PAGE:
Thursday, May 4, 2017

Chessfrog Farms

Some of you may remember my friend Marcus Brown from an earlier post on guerrilla grafting of apple trees in a Lansing park near the Lansing Yacht Club.

Well, he and Chitra, his wife, decided to go big.  They bought six acres and planned to plant an orchard.

Oops!  I blinked.  They planted the orchard...last weekend. They are into Getting Stuff Done.

It is on a lake.  All photos except the top one supplied by Marcus Brown.

The drainage is a bit of a challenge.  It has been a very wet spring.

The upside is that he will not need to install irrigation.
Marcus is a man-with-a-plan.  He is very organized and scientific.  You can see his Latin Squares design-of-experiment layout in the photo just above this text.
A close-up of his orchard map.  This is what he can afford to plant in his first year.  He did not randomize the varieties within each block due to the logistics of picking.

That is a bunch of trees to plant!  Just eyeballing it, I would guess that is about 115 trees.
OK, I cheated.
Adapt, overcome, improvise
Marcus asked me for some advice.  I told him that labeling trees is always an issue.  I also had a few suggestions regarding managing some volunteers he (might) have.  "Make it visual."

As you would expect from a Marine, he improvised and overcame.  He went to the local big-box store and bought several types of duct tape so each variety would have its own unique "flag"
Every reference he looked at emphasized that most fruit trees did not like "wet" roots.  He contacted several University experts and they advised him to choose some other site.  But there were some advantages to this site's location that were not negotiable.  More about that later.

They started with boxes like you would use for raised gardens.  If you cannot lower the water table then raise the surface of the soil.

He also took advantage of the fact that the new Geneva rootstocks were selected to thrive in "non-optimum" fruit growing sites.  It is less of a problem in Michigan, but it is widely recognized that great fruit growing sites are very attractive building sites due to slope, elevation (view) and proximity to large bodies of water.  The breeders at Cornell University realized that orchards were being pushed into non-optimal sites by simple economics.  They dialed in extreme prejudice against seedlings that were fussy about wet feet.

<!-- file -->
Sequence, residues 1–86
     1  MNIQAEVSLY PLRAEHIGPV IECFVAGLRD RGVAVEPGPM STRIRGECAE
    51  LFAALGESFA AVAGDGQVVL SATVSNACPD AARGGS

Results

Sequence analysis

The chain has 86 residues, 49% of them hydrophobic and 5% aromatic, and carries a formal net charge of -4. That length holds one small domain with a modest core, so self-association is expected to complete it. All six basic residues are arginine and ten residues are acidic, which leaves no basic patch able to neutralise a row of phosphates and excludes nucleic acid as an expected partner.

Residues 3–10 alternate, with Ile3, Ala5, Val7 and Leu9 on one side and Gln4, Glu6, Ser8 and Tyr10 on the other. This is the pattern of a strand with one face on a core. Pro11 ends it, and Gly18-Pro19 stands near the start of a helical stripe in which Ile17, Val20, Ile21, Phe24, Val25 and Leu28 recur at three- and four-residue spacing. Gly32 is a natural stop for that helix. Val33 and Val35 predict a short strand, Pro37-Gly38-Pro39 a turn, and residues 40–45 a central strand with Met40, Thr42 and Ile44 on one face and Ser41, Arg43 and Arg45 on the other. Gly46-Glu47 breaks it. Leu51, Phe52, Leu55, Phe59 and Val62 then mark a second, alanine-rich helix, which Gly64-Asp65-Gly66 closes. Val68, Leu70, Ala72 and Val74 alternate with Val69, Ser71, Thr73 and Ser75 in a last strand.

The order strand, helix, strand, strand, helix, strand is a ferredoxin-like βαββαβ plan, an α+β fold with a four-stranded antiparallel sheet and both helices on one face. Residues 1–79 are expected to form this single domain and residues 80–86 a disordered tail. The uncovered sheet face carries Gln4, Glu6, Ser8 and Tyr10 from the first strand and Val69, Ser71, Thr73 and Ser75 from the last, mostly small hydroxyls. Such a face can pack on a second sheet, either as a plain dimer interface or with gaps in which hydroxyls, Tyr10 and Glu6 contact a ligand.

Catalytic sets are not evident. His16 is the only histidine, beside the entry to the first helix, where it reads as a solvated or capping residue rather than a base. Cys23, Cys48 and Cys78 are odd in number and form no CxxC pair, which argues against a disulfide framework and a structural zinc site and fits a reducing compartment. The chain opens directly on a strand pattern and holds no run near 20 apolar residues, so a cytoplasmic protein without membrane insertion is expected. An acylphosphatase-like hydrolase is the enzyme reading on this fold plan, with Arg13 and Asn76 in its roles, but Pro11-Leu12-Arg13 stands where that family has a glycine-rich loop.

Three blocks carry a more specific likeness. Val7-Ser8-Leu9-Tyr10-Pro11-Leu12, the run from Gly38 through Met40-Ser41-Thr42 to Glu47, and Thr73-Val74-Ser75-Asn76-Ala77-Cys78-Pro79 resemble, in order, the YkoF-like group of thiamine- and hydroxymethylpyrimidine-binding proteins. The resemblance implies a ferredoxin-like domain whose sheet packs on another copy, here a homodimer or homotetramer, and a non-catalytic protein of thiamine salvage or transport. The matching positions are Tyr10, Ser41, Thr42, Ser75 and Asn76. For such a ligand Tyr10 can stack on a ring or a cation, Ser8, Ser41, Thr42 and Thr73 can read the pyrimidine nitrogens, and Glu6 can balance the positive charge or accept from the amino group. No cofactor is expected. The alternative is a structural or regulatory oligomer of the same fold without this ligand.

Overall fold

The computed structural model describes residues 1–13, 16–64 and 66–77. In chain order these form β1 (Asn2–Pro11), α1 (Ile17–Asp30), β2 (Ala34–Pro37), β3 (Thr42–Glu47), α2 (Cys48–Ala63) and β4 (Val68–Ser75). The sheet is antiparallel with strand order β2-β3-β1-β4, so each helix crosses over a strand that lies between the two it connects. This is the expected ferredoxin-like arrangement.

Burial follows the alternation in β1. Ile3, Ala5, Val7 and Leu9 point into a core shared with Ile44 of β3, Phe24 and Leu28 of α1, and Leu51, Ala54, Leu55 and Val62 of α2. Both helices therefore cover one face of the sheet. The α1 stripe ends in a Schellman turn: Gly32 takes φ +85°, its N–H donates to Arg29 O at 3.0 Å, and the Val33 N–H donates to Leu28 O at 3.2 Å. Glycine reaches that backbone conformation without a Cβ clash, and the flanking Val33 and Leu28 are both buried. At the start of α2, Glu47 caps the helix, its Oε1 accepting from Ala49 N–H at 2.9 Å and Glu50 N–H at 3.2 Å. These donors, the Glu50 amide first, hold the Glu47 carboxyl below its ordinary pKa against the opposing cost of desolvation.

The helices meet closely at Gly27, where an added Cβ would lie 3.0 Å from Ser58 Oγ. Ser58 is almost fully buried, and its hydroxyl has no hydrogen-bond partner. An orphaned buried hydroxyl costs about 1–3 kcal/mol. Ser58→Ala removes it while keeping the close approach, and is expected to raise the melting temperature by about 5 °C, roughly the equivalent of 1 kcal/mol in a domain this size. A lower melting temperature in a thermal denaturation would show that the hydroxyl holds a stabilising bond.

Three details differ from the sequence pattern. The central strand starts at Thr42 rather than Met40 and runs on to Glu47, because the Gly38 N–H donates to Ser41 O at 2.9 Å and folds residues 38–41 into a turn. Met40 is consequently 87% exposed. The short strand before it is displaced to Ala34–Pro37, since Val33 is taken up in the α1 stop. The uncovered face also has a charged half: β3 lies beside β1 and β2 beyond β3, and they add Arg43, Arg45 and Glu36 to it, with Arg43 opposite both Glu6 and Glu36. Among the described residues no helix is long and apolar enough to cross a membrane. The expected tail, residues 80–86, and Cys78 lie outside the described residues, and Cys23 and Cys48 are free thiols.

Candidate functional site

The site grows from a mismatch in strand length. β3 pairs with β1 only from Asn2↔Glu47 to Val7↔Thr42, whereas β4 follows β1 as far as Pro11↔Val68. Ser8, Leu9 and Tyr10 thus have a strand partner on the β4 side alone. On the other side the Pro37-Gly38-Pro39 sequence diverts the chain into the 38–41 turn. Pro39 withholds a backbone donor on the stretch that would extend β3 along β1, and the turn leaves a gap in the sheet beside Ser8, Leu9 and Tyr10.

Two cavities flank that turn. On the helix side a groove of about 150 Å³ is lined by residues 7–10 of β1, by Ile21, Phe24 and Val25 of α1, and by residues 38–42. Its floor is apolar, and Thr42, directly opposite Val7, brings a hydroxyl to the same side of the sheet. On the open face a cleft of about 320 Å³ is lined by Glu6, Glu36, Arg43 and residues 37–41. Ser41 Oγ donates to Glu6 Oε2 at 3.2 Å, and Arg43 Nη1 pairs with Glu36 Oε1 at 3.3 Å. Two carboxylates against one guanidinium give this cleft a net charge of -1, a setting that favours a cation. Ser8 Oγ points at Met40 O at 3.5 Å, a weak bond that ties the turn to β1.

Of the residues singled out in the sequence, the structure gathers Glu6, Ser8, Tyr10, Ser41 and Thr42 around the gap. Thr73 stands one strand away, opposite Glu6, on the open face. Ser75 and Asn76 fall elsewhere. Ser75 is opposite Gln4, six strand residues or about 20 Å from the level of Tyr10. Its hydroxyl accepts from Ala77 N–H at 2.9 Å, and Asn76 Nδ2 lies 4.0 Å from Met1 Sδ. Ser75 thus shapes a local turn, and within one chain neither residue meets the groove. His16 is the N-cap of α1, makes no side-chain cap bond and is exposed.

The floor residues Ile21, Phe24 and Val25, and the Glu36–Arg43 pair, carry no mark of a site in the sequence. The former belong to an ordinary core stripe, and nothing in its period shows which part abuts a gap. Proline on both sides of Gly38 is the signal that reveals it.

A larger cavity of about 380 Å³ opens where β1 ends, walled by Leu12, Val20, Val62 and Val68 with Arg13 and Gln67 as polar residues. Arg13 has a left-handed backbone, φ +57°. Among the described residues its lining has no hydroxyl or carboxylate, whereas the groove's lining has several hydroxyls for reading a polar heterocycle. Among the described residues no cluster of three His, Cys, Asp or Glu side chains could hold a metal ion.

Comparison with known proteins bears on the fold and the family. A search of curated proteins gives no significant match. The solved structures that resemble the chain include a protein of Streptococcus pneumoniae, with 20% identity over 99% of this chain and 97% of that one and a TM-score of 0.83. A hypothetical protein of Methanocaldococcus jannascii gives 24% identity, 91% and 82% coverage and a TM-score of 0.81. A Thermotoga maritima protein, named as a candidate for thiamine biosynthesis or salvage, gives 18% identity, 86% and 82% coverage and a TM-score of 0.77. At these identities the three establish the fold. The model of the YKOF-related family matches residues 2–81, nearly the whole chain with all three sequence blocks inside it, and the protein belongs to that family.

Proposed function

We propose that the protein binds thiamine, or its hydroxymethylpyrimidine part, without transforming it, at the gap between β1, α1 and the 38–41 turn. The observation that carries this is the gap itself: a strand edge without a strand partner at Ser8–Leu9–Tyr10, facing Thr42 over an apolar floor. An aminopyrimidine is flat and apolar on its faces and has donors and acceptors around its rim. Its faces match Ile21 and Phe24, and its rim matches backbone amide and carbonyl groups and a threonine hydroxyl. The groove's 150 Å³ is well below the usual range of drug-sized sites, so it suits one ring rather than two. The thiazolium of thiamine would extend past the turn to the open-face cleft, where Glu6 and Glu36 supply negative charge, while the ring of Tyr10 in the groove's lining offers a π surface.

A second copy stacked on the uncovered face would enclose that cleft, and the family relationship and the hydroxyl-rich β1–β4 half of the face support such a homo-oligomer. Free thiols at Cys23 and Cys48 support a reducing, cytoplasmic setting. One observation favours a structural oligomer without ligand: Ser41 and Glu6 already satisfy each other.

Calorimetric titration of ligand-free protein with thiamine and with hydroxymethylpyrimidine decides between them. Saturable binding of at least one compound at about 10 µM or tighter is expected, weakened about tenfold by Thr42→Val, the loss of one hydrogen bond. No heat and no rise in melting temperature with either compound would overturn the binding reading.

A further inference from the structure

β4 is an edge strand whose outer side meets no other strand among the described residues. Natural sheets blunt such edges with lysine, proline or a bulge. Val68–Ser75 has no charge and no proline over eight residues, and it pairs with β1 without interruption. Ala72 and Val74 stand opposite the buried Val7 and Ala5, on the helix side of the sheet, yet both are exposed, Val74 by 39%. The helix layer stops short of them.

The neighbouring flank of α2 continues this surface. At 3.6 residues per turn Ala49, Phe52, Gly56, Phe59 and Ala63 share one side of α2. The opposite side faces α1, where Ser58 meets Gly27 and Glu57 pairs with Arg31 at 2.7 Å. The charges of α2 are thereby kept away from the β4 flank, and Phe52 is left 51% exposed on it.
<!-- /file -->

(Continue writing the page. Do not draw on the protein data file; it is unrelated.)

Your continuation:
Then, in the interest of experimentation, they simplified.
They used cardboard boxes.  The intention is for the boxes to hold the soil near the tree in the event of heavy rains.  Their hope is that the tree roots will knit the soil together before the box bio-degrades.  Furthermore, they intend to "connect the dots" and make the raised mounds into continuous, linear berms.
The first year's planting before the soil was mounded.
A picture of Marcus and Chitra in front of their Lansing home.  They also run the micro-community center next door.
Here is the kicker

Marcus and Chitra are deeply concerned about "food deserts" in large cities.  They decided to do something about it.  Their orchard is on the northwest side of Flint, Michigan.

There are many big cities pimping local foods and community agriculture.  They tend to be in affluent communities with well-healed corporate sponsors like Portland, Oregon or hip, bleeding-edge communities like New Orleans, Louisiana.  Flint is a gritty, rust-belt city.  Local food is not 'fashionable' and 'hip'.  It is a necessity.

I am humbled by people like Marcus and his wife.  It is an honor to know them.  Sadly, there is only one or two of them for every thousand who protest and complain and march and demand that 'somebody' do something...people who then go home to watch TV and spend the rest of the year in their cozy, suburban homes.  Marcus and Chitra stay at home and get blisters.

If this is anything that interests you
If you want to contact Marcus, he can be reached via email at chess delete this blank

Chandra at Stark's Commercial Fruit Tree sales.  This all happened very suddenly and Stark's was extremely helpful in assisting Marcus and Chitra through the ordering process and figured out ways to minimize costs.  Because it was near the end of the planting season, they had many odds-and-ends in their stockroom.  My impression is that they help Marcus and Chitra choose trees that would highly likely to produce fruit as opposed to dumping their over-stock to make a quick buck.

Volunteers of note:
  • Melissa and Matthew Nickols
  • John and Brenda Brown
  • Ronald and Camille Baines
  • Sarita Williams
  • Marcus K.D.R. Brown (my son)
I suspect Marcus and Chitra will have volunteering opportunities throughout the year, so Chessfrog Farms can supply "volunteering opportunities" for NHS students and for students at private schools (like Flint Powers) in need of service projects.

I also expect that he will be planting more trees every April as cash-flow allows.  So far Marcus and Chitra have been funding this out of their own pockets.  They see an advantage to taking time and feeling their way along.  By late next winter they will have a better grip on the kinds of trees that will survive on their six acres.  They will have a better focus on tree spacing and how the will space various types of trees in the future.

For those who are interested in replicating Marcus and Chitra's experience...or if you are inspired to support them...$2000 is about what it would take to plant another 120 trees with boxes, raised beds and so on.


  1. Patricia at used old tires to elevate her fruit trees.
    French drains might also work, but my guess is this effort will fail due to the bad location.
    Don't pick fights. There's plenty of challenges as it is.

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